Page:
11/28/09
Insects and other foods the trout may be eating:
1.   Blue-winged Olives
2.   Great Brown Autumn Sedge
3.   Little Yellow Quills
4.   Needle Stoneflies
5.   Crane Flies
6.   Hellgrammite
7.   Streamers - matching sculpin, baitfish and small crayfish
8.   Midges

Current Smokies Stream Report:
I hope everyone had a wonderful Thanksgiving. We haven't fished the Smokies
very recently. In fact, we haven't been here since Tuesday. I am linking a report for
you from
David Knapp's site. One big difference in this young man's approach to
fishing and most other anglers, is that he goes and finds out. He doesn't wait until
someone tells him how the fishing is. He just goes and turns his efforts and
willingness into a good fishing trip. He doesn't try to copy others fishing success or
heed their reports of failure. The trout are always in the streams of the Smokies and
they can be caught irrespective of the conditions.

You can catch trout all winter long in the Smokies. Some days you can catch as
many trout as you can any other time of the year, provided, you fish the colder
water correctly. To be more specific, you can catch plenty of trout on days when the
water is between the low and the high forties (pretty cold) and sometimes, even on
the dry fly. I was impressed with his analogy of how to go about fishing the cooler
water. Water that is 47 degrees, as stated in David's report, is just fine. I have
caught fifty and more trout a day many times in streams where the water rarely gets
higher than that in some parts of the country. You just need to change the way and
the type of water you fish.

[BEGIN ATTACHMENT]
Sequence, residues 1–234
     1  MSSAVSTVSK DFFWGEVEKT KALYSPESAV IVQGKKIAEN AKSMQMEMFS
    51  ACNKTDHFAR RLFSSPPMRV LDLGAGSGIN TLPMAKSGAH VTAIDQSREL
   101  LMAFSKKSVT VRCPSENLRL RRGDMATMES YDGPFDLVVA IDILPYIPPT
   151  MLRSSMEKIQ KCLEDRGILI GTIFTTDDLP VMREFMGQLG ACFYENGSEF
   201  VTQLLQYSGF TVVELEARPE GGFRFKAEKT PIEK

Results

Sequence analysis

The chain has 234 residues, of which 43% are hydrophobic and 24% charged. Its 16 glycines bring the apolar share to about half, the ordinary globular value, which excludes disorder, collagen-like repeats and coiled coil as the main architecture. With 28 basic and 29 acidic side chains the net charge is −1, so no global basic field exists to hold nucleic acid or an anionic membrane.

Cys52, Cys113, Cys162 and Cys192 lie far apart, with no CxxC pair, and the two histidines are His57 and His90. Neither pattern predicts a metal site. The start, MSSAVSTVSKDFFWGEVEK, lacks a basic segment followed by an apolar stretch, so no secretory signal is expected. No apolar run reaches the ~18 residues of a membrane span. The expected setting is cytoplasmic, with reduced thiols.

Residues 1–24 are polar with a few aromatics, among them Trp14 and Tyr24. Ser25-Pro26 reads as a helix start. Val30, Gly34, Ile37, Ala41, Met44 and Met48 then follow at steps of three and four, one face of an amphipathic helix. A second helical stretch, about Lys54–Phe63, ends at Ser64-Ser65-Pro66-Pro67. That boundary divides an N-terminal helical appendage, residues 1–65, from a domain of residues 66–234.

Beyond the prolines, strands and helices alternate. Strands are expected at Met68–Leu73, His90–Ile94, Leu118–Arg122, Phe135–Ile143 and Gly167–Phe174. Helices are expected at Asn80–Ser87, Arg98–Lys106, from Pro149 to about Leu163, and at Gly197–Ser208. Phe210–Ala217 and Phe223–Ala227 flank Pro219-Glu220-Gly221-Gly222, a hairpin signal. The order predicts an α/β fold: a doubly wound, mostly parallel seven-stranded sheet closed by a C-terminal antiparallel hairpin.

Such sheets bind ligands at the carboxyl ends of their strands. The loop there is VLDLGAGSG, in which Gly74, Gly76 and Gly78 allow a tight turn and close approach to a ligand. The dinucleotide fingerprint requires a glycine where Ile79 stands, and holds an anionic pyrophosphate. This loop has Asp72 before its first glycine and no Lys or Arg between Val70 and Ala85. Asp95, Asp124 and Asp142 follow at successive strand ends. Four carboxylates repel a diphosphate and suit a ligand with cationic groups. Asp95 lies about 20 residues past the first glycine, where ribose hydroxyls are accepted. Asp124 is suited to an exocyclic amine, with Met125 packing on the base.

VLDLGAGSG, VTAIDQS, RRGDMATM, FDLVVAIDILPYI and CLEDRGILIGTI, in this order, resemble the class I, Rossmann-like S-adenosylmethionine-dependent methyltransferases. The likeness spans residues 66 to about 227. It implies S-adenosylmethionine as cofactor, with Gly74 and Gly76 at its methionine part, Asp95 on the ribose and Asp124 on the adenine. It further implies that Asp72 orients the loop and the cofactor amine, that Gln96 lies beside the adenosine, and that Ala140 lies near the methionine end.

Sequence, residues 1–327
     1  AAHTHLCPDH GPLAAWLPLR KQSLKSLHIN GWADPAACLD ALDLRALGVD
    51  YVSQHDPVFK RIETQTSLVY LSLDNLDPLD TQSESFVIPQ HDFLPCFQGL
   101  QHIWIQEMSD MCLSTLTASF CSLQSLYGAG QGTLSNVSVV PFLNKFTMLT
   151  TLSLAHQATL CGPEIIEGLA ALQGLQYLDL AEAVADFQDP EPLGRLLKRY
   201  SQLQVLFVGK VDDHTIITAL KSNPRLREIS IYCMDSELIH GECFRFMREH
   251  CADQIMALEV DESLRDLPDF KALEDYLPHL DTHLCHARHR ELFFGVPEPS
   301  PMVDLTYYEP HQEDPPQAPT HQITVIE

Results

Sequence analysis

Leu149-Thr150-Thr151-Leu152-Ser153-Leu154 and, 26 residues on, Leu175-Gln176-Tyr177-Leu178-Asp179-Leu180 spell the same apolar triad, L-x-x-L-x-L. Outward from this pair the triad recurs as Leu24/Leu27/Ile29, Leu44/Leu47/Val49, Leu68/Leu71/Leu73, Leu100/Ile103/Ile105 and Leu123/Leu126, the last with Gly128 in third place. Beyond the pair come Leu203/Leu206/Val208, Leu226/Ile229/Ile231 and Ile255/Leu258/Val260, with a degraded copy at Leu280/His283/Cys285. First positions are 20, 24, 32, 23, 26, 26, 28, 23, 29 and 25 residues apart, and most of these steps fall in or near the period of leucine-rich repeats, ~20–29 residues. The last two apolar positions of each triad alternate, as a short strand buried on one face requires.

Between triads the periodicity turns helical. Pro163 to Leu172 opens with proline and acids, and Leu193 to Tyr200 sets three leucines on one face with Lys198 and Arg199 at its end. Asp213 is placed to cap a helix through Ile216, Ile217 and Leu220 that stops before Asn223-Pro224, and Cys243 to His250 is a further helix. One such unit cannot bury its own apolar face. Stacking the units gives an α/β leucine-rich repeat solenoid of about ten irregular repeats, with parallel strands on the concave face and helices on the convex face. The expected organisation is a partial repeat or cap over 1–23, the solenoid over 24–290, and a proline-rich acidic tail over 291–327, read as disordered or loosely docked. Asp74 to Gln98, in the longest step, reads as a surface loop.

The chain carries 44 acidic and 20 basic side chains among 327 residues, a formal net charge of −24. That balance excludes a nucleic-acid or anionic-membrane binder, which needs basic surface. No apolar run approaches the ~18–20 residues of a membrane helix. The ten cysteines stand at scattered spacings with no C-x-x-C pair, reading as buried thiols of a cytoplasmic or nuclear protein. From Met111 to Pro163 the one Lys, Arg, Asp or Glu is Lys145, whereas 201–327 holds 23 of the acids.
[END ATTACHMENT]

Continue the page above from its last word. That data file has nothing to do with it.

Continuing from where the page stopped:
Stream and Lake Destinations - Silver Creek, Idaho
All you have to do to fish one of the Nation's very best trout streams is to drive up to
a building and sign your name. You want even be asked any questions. The Nature
Conservancy requires that you sign in and other than your Idaho license, that is it. I
think anyone who fishes there should be very thankful for what they have done but
even that isn't required. You do have to agree to release everything you catch.

You want hear much about
Idaho's Silver Creek until you start hearing about how
difficult it is to fish. I guess that is true, but we have always been able to catch a few
of them. Catching one from its crystal clear water is a thrill - as much of a thrill as I
can imagine anyone wanting from the sport. The stream isn't a pushover by any
means. Catching its huge rainbow or brown trout isn't easy, but it is very rewarding.
It's exactly as I feel it should be. All it takes is doing everything right. When that is
done, the fish respond to your flies. When you don't, you will not be rewarded with
anything.

Angie and I spent some time with some anglers that have fished Silver Creek many
times, and one in particular, almost everyday. Some advice from them really helped
but you may be amazed at the advise. It wasn't fish here, or fish this fly or anything
that is an easy solution or trick you could use. It was all simply things, some of which
you have to do here in the Smokies. You have to hide from the trout. If they see
you, it's over there. The difference is, you have to make a perfect presentation
when you do find one, and by the way, you have to do that first. If you blind cast,
you will go home without any fish stories. If you show the trout your line or leader,
forget that fish and find another one. The trout are almost always eating or
concentrating on one insect. You must use a good imitation of what they are eating
or you will be ignored. I want go on. I will just say that it takes doing everything right.
The stream is full of large wild rainbow and brown trout. What is especially pleasing,
is when you catch one, you know you are being rewarded for doing things right. It
can be done. Our first day there, Angie caught three nice rainbows within the first
two hours.

Basics of Fly Fishing:

Continued tomorrow ............

Copyright 2009 James Marsh